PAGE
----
Is the NEX 7 real?

Started Aug 6, 2011 | Discussions thread
viztyger Veteran Member • Posts: 3,278
Re: Micro Four Thirds Not Necessarily 4:3 Aspect Sensor

Kiril Karaatanasov wrote:

However for me m43 is a joke. The sensor shape and size are most inappropriate for digital photography. There are very sound physiological and physics reason for this.

I won't get into the sensor size argument; there are obviously advantages and disadvantages of the smaller Micro Four Thirds sensor. But the shape of the sensor - I assume you mean the 4:3 aspect ratio here - isn't fixed in the Micro Four Thirds standard.

The standard specifies the diameter of the imaging circle and not the aspect ratio. In fact, the sensor of both the current GH2 and its predecessor do not have an aspect ratio of 4:3. The sensor is in fact very close to 3:2.

I made a diagram to show how the various aspect ratios are derived from the GH2's sensor:

It is not random that 35mm film is 3:2 ratio. There is reason why TVs are now made 16:9 instead of 4:3. There is reason why movie format is even wider. Think how your eyes are situated on your head - think how you perceive a portrait and a landscape picture. 43s will require crop more often then 3:2 right?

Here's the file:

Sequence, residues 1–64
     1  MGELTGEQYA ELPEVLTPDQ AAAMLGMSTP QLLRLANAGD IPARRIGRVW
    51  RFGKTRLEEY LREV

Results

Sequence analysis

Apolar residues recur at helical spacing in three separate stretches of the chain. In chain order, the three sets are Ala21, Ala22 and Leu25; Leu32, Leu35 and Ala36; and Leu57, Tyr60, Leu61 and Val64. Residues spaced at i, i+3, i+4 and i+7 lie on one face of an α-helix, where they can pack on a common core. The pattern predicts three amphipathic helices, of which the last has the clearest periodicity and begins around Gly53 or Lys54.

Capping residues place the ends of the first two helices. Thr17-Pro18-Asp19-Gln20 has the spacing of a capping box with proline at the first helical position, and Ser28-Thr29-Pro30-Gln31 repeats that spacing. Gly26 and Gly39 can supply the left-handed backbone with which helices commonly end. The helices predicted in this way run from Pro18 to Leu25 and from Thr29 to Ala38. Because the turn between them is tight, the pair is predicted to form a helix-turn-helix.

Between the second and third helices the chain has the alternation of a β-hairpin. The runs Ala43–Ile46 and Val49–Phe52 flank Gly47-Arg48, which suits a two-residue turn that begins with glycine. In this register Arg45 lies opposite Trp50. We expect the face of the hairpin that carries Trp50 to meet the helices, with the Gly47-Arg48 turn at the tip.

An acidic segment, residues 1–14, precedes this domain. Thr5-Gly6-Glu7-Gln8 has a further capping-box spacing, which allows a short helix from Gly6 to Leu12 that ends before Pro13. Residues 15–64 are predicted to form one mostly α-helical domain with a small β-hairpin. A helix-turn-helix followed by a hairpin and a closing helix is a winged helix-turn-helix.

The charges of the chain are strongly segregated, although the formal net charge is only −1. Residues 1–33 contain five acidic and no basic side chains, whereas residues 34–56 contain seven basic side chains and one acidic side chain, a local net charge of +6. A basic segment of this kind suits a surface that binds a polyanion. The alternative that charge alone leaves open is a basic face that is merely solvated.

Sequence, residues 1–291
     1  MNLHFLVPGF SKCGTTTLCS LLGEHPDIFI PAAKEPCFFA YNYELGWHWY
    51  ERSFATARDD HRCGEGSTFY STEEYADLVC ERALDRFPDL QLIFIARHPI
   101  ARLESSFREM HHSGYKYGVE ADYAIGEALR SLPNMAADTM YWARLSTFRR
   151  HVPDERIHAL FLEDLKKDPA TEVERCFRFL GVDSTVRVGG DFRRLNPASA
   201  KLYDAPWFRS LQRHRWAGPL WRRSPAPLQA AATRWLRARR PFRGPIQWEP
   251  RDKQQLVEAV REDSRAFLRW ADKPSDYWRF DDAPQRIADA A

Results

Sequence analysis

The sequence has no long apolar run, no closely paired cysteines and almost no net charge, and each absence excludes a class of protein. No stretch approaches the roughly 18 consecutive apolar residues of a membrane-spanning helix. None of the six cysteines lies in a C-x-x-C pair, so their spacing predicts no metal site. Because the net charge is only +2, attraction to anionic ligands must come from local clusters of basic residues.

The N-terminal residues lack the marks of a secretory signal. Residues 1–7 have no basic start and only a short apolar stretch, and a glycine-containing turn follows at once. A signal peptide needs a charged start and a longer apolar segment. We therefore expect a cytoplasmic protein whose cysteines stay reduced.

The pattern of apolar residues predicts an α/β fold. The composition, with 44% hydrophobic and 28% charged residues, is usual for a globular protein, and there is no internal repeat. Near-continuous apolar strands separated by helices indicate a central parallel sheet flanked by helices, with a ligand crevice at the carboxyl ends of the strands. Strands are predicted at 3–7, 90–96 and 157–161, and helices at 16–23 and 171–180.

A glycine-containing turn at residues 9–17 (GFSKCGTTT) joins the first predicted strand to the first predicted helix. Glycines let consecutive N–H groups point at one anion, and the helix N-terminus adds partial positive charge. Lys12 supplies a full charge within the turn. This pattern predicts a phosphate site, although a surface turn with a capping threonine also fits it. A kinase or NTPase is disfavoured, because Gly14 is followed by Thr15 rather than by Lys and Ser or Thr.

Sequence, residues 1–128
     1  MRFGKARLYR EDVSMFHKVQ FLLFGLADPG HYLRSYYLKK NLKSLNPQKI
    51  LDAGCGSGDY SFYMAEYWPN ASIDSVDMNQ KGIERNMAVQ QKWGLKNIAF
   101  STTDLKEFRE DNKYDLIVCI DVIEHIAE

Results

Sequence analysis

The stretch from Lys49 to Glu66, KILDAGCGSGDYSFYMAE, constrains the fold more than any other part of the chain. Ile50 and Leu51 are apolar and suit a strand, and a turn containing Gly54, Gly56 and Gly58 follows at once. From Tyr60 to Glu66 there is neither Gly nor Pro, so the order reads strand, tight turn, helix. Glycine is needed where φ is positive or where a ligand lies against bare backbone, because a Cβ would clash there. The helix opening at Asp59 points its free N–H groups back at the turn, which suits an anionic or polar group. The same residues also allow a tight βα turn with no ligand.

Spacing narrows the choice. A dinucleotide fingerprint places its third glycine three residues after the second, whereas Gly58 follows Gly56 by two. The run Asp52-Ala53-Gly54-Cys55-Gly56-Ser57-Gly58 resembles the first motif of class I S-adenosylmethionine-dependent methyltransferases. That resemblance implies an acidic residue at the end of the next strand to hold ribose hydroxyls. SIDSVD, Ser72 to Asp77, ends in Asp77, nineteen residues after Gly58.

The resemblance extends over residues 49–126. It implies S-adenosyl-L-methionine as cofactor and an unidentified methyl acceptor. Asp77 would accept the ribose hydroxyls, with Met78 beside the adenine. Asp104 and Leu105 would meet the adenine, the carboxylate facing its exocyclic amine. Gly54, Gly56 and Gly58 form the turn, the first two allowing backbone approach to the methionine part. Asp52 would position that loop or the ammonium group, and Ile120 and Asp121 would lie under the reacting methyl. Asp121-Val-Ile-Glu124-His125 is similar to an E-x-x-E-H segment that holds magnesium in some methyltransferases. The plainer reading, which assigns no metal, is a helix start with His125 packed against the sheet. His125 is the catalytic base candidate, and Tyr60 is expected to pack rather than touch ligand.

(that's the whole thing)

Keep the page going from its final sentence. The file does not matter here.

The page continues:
While I also generally prefer a 3:2 over a 4:3 aspect ratio, I base my choice on the subject I am about to capture.

Also consider when you shoot video on the m43 camera how much of the sensor is used - 1/2 - Wow! not only is the sensor 50% smaller to start with but 50% of it is not used. It is just about half the size of the APS-C sensor when shooting video. Did you consider this?

Again using the sensor of the GH1/GH2 which is Panasonic's hybrid stills/video camera, video is derived from 76% of the total sensor area. That's very close to a 16:9 crop from Sony's 3:2 sensor (84% from the active area and of course less from the total sensor area).

Also, unlike the majority of cameras without a multi-aspect sensor, the GH cameras use the full imaging circle at 16:9. So it's a more efficient use of the lens.

Right now I don't think sensor size is the most critical difference between the two systems. For any given focal length, a Micro Four Thirds lens can be made more compact and/or optically superior and/or brighter than its Sony NEX equivalent due to the smaller sensor diagonal. There is also a significantly larger selection of MFT lenses to choose from.

The most critical thing for the NEX system is therefore an updated lens roadmap. Not all of us will buy a presumably expensive NEX-7 with the 24mm Zeiss lens unless we know that Sony plans to support the enthusiast market down the road. That means good lenses.

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